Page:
In Stratfor's 2018 Annual Forecast, we explained that New Delhi will focus on implementing the Goods and Services Tax. The broad-ranging tax reform under Prime Minister Narendra Modi is aimed at making India a more attractive country for foreign investment, and part of the decadeslong effort of moving away from Gandhi and Nehru's emphasis on self-reliance toward global economic integration.
With three rapid gunshots, Nathuram Godse altered the course of Indian history. On Jan. 30, 1948, the militant Hindu nationalist killed Mohandas Karamchand Gandhi while the 78-year old leader of the Indian independence movement was en route to his evening prayers in New Delhi's Birla House. The assassination would plunge a newly liberated India into mourning — independence had come less than six months before — and Prime Minister Jawaharlal Nehru, Gandhi's foremost disciple, would use the incident to suppress the Rashtriya Swayamsewak Sangh (RSS), the Hindu nationalist organization that Godse had once been affiliated with. Ahead of his execution in 1949, the unremorseful Godse rattled off a litany of grievances against Gandhi's ideology in a courtroom letter focused on Muslim appeasement, the carnage born of Partition, and the creation of Pakistan.
Seventy years have passed since Gandhi's death. But echoes of Godse's letter resonate in India's current political landscape as the world's largest democracy staggers toward modernization. Hindu nationalism has witnessed a recrudescence under Prime Minister Narendra Modi, whose center-right Bharatiya Janata Party (BJP) in the 2014 national elections soundly defeated the Indian National Congress, the party Gandhi and Nehru led during their anti-colonialist struggle against the British Empire. To be sure, Godse was on the fringe of the Hindu nationalist movement and represented its most militant manifestation, and the BJP and its ideological parent organization, the RSS, by and large reject his extremism and honor Gandhi as the father of the nation. But along with the pragmatic elements within the BJP today — which are less interested in stoking communal divisions than in attracting foreign investment to catalyze India's $2 trillion economy — a portion of the ruling party's electorate harbors a visceral disdain for Pakistan. Not only that, they question the commitment of India's Muslim community of 180 million to the project of Indian nationhood. In a masterful political strategy, the BJP tapped into this undercurrent during the 2014 elections that brought Modi to power, and none of the 282 candidates who won their seats in Parliament was Muslim.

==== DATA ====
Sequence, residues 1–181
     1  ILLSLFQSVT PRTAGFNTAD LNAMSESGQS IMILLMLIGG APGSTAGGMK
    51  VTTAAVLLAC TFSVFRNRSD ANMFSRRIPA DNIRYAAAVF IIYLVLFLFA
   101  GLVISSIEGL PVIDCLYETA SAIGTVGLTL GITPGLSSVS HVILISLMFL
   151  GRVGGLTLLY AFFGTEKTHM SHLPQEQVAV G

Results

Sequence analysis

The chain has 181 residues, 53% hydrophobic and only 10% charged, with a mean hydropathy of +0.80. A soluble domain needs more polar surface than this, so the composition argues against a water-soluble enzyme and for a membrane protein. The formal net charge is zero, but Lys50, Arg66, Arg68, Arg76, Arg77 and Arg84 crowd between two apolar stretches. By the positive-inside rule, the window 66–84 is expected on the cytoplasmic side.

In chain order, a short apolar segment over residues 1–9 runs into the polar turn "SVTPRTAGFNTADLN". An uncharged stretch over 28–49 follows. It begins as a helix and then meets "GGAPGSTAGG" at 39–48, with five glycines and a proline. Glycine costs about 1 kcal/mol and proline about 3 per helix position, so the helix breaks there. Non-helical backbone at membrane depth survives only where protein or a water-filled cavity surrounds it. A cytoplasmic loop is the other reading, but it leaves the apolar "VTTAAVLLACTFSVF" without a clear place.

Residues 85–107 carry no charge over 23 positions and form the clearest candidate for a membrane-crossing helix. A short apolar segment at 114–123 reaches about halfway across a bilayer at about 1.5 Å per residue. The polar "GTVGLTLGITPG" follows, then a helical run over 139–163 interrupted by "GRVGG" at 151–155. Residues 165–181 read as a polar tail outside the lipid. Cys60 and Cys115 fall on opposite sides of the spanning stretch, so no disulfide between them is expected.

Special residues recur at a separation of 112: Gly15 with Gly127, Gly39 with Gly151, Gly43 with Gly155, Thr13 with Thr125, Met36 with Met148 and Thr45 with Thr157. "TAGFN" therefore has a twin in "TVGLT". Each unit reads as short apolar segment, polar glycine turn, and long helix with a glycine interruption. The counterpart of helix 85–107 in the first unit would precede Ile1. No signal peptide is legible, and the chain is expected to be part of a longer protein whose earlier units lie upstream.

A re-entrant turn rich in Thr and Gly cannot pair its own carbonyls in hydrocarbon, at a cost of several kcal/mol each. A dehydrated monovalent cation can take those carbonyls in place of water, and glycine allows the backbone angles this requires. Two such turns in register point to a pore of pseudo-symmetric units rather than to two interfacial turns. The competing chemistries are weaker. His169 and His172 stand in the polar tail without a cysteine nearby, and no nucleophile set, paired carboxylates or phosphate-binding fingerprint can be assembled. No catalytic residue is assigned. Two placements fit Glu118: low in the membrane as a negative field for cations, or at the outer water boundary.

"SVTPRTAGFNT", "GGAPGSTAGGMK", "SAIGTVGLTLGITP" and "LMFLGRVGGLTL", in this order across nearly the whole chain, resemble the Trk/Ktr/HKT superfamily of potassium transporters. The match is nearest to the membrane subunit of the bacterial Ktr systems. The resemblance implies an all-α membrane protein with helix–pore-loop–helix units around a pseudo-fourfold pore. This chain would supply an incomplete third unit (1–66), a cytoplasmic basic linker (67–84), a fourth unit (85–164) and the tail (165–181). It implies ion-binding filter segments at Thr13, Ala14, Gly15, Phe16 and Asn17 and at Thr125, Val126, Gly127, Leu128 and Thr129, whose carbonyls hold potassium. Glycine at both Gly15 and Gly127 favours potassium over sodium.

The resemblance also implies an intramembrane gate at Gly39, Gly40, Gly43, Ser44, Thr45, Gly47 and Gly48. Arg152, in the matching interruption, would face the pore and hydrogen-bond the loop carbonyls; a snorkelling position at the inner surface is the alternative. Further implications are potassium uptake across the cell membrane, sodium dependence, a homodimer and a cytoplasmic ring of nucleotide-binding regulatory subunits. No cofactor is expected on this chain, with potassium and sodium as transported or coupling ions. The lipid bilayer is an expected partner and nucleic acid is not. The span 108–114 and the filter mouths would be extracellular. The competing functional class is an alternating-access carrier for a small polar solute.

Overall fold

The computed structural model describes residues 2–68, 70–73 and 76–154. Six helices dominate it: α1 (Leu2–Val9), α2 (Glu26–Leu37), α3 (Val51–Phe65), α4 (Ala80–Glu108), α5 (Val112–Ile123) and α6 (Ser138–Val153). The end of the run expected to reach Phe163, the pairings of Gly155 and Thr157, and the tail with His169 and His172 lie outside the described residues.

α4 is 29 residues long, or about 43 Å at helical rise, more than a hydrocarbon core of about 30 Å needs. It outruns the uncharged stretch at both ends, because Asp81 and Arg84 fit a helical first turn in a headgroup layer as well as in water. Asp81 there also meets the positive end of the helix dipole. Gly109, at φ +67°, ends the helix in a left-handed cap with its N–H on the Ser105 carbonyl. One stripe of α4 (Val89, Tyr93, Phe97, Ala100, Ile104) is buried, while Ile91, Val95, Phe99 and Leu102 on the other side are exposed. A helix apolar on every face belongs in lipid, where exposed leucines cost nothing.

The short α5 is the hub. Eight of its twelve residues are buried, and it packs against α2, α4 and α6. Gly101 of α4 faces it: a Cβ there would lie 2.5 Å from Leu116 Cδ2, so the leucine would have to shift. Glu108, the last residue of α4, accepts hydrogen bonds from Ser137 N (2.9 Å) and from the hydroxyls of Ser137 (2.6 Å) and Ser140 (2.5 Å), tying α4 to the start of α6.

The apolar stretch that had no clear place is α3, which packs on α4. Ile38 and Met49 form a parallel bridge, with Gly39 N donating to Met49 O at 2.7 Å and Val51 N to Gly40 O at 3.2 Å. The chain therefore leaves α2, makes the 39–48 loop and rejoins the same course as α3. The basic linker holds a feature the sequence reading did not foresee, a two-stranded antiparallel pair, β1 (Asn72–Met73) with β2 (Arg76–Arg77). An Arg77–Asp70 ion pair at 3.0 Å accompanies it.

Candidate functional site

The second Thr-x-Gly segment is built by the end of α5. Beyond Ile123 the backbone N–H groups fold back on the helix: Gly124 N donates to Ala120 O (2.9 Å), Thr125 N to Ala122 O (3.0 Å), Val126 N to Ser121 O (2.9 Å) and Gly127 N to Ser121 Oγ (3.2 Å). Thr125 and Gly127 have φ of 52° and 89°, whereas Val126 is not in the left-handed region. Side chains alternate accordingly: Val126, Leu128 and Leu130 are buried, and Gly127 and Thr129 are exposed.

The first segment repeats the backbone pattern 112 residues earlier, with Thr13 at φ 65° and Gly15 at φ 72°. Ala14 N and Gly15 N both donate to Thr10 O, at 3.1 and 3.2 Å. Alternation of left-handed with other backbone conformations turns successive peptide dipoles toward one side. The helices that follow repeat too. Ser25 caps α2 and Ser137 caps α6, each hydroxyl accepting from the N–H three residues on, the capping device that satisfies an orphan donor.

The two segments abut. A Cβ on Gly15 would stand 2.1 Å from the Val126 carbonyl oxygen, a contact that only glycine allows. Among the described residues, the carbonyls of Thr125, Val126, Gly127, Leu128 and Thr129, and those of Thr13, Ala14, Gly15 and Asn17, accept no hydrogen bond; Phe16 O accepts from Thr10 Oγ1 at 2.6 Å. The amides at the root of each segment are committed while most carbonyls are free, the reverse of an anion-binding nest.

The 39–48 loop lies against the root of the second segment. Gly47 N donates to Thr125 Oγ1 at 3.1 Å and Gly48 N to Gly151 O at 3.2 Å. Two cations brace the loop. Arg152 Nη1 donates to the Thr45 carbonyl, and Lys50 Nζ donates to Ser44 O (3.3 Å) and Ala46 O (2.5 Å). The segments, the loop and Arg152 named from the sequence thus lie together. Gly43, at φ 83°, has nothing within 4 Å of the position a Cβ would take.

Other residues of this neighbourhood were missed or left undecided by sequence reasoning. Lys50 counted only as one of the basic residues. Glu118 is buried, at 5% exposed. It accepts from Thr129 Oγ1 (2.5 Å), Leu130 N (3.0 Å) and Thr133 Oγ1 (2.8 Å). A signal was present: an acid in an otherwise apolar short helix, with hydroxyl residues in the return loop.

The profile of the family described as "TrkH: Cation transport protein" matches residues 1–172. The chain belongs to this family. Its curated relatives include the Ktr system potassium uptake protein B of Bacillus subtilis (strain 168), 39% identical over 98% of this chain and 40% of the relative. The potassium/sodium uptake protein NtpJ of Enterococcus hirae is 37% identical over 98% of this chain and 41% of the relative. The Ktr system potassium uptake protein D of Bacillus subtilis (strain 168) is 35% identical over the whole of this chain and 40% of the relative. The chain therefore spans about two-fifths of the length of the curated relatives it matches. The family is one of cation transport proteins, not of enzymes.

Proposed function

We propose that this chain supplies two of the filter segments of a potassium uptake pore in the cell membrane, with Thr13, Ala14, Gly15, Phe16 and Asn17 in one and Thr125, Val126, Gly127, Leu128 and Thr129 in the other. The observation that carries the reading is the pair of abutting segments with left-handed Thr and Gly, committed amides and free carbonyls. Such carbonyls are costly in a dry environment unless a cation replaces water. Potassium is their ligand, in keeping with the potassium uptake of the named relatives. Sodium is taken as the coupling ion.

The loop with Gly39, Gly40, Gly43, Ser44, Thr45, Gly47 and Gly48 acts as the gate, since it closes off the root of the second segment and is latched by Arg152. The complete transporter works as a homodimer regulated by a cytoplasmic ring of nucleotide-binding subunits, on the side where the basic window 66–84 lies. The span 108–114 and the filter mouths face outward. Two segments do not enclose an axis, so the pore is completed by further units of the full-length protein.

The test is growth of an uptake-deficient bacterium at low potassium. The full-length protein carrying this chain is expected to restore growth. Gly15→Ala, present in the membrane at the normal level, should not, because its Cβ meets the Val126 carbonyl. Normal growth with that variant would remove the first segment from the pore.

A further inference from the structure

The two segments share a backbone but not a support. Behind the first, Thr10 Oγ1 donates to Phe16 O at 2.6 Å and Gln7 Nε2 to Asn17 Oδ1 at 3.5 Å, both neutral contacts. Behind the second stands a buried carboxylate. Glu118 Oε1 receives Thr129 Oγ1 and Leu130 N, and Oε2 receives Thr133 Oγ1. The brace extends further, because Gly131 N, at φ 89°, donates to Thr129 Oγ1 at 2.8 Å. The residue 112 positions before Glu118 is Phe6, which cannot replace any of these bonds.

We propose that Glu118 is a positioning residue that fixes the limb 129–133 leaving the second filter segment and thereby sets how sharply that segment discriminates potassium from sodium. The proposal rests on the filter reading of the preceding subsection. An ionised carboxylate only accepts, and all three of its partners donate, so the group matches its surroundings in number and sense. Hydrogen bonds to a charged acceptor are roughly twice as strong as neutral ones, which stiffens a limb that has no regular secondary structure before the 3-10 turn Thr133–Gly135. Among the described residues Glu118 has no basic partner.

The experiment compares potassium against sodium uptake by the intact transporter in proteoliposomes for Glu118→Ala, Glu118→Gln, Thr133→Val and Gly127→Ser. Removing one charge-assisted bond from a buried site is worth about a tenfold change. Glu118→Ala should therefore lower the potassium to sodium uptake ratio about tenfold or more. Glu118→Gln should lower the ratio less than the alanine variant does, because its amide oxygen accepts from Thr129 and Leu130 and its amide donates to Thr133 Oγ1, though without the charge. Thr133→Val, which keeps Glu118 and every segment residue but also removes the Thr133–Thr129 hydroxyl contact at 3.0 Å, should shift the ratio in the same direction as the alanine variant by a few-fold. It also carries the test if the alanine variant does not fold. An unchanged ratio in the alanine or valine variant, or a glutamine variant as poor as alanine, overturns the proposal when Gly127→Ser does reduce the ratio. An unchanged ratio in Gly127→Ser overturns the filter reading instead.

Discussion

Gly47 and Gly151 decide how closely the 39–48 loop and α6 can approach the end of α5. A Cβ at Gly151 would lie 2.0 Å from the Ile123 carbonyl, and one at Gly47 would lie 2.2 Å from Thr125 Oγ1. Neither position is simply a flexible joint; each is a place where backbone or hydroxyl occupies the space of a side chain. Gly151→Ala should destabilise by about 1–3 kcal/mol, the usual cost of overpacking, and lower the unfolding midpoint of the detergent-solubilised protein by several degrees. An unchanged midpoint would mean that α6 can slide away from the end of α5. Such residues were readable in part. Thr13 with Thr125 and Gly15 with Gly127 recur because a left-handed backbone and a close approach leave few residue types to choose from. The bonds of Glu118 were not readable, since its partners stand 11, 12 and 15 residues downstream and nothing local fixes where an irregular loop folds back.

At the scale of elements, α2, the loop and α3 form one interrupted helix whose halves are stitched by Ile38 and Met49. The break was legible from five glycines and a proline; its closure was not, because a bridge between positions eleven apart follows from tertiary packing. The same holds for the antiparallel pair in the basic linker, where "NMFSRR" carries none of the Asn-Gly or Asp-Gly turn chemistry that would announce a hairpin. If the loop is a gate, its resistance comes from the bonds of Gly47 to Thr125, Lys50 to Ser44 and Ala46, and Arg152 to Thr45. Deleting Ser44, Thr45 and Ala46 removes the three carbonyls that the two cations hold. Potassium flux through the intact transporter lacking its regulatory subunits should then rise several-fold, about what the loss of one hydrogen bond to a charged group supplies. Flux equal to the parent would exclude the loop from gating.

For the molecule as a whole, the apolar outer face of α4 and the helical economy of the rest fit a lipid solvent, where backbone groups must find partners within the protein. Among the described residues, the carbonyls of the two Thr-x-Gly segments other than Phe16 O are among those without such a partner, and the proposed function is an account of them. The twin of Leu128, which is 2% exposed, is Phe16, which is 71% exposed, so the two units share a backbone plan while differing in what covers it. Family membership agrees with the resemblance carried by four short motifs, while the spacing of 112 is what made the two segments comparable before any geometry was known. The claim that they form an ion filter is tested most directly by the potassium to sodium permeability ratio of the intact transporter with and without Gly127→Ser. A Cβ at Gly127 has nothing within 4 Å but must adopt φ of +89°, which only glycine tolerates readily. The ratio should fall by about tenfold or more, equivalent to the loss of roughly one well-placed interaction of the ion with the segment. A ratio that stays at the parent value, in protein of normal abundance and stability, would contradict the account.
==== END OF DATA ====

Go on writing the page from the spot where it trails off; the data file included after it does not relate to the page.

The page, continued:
Then there is Pakistan. Gandhi was opposed to the partition that led to that country's birth alongside India in August 1947, even going so far as to suggest that Mohammed Ali Jinnah, Pakistan's founder, become the prime minister of an undivided India. But the Partition could not be stopped. It triggered the migration of about 15 million people across the new boundaries, unleashing a bloodbath as Hindus, Muslims and Sikhs collided with one another during the mass upheaval. The widespread violence borne of Partition seemed to be an affront to Gandhi's philosophy of nonviolence, and the man known as Mahatma — an honorific title meaning "great soul" — refused to take part in independence day festivities on Aug. 15, 1947. Today, India and Pakistan remain at odds, possessing nuclear weapons and having waged three wars, including two over Kashmir, the disputed territory at the heart of their rivalry. And as India partners with Afghanistan in a bid to challenge Pakistan's quest for influence in the warring country, the antagonism between Islamabad and New Delhi will only persist.
Finally, there is Gandhi's own vision for India. Gandhi rejected the materialism of the West as decadent, and he advocated the establishment of a new Indian republic based on a federation of villages. He also advocated self-reliance, or swadeshi, a philosophy borne in reaction to India's colonial subjugation. But the country deviated from both of these paths. Nehru would steer India on a course inspired by self-reliance, in part by employing a program of import substitution. But India's economic problems under this approach, which resulted in tepid growth rates, came to a head in 1991, when the collapse of the Soviet Union — India's strongest international partner — roughly coincided with the country's balance of payments crisis. In response, Prime Minister P.V. Narasimha Rao and Finance Minister Manmohan Singh began to dismantle the elaborate system of red tape for businesses known as the "License Raj." That decision marked a defeat for Gandhi's swadeshi, and it accelerated India's integration into the global economy. It also increased the country's reliance on seaborne trade and thus spurred its expanding naval capacity in the Indian Ocean, which also symbolized its rising military power. And as China's naval capacity increases in the region, so will India's maritime presence.
Indeed, far from preaching self-reliance — which in today's world implies protectionism — Modi was singing the virtues of globalization while addressing the global elite at the World Economic Forum in Davos, Switzerland. And for India, this will be the path to follow. The country may embrace Gandhian rhetoric, but it is an aspiring great power and home to an expanding consumer market. Materialism, military spending and urbanization are the trends that will continue to shape India's future, even as Gandhi and Godse — one the father of the nation, the other his assassin — come to define the past.
This reflection has been corrected to accurately indicate the philosophy that Gandhi advocated and the number of wars India has fought with Pakistan over Kashmir.